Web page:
he airlines announced this week that
they will begin imposing "poverty fees" of $25 on all passengers.
The carriers said the fees would be added to the many other levies
that have been introduced in recent weeks to the consternation of
travelers and travel agents.
The hardship fees will be shared by the nation's carriers. The
airlines in Chapter 11 will get the largest percentage, the
almost-Chapter 11 airlines the next largest, and the not-so-close
to Chapter 11 carriers the smallest portion. The few airlines still
making a profit will not share in the proceeds.
The fees will apply to all passengers except those holding
tickets at first class or full-coach fare. Industry observers said
this exempt group would represent so few people that it wouldn't be
worth measuring the number.
The "down on their luck" fees are the latest example of a fee
blitz in recent weeks. The airlines have raised fees for paper
tickets, imposed fees for passengers who wish to stand by on
certain flights, and increased fees in cases where travel agencies
have made ticketing errors.
The wave of fees has caused anger and confusion among the public
as well as travel agencies. One survey showed that 60% of travelers
and agencies were angry at the fee policies, 20% were confused by
them, and the remaining 20% were angry and confused.
The new "pass the hat" fees may not mark the end of the
carriers' accelerating policies of devising charges that augment
their revenues from fares. Widespread reports predict the airlines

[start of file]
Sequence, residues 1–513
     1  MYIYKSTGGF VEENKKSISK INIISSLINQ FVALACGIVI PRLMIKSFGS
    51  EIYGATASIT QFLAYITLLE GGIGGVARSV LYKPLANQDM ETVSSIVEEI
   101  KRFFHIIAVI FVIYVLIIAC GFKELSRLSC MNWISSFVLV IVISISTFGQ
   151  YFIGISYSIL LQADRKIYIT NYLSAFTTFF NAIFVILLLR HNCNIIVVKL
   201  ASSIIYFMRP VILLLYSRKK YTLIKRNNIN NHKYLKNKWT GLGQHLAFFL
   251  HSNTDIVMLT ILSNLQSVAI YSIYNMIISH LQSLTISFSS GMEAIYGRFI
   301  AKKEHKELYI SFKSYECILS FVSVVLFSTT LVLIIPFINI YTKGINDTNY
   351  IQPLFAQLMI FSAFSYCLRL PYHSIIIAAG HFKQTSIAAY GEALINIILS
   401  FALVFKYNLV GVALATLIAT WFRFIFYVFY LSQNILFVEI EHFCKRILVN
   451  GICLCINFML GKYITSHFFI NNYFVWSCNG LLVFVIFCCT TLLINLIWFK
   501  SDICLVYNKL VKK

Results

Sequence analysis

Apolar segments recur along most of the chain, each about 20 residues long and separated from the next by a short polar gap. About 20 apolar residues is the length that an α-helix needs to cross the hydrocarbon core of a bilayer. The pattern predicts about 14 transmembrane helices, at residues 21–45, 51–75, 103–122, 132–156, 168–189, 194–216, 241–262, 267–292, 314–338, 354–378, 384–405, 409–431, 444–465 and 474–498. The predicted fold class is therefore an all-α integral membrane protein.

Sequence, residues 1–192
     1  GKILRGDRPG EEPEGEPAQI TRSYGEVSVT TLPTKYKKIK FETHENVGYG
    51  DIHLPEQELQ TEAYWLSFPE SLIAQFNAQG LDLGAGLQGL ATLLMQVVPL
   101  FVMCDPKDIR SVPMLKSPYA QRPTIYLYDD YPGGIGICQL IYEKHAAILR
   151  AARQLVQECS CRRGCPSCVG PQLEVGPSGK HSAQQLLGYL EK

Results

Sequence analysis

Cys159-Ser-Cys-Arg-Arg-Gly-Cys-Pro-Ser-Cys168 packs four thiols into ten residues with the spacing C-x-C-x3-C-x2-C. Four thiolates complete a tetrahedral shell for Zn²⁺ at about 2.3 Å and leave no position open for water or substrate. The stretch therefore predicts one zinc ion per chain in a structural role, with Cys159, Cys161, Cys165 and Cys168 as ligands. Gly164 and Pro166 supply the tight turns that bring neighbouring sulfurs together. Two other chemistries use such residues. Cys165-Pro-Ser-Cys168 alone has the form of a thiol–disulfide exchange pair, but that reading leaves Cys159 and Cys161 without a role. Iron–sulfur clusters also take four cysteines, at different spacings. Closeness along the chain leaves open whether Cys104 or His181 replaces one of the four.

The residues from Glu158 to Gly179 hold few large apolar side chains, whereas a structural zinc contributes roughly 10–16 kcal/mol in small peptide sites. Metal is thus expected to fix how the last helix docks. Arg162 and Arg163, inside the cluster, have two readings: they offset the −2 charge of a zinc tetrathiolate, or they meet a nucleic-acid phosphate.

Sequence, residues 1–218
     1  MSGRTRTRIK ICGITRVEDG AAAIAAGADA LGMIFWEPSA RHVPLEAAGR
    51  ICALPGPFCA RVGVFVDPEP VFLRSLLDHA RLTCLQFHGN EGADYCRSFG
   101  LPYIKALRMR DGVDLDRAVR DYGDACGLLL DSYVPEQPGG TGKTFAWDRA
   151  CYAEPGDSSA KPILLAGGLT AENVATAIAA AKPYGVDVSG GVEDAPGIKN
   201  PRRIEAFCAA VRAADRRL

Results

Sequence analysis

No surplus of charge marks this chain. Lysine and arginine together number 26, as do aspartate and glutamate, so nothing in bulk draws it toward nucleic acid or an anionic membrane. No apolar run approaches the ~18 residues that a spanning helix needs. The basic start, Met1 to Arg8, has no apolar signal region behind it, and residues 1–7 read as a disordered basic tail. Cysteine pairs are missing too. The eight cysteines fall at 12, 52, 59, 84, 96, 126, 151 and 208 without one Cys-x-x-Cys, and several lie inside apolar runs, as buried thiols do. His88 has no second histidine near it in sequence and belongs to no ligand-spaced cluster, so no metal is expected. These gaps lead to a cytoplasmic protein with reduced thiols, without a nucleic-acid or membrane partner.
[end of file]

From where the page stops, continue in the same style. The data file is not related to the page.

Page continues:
soon will set up a three-tiered on-board meal policy with a range
At the highest level, the airlines are reportedly preparing to
provide what one carrier will call "haute cuisine," a French term
for edible food. The second level, at a somewhat lower price, is
expected to resemble earthbound fast-food menus. Tie-ins with Taco
Bell, McDonald's and KFC have been discussed.
The third, and presumably lowest-cost level, is believed likely
to involve minimal food portions of mediocre quality. One carrier
spokesman said that this lowest level would be familiar to frequent
The new policies also are expected to include changes in the
pricing of beverages. Liquor, wine and beer will continue to be
offered at surcharges. Soft drinks, now offered on a complimentary
basis, will be sold at what one airline called "modest" prices.
The carriers were said to be continuing to deliberate their
future water policy, but it was understood that small amounts would
be offered to any passenger who appears dehydrated.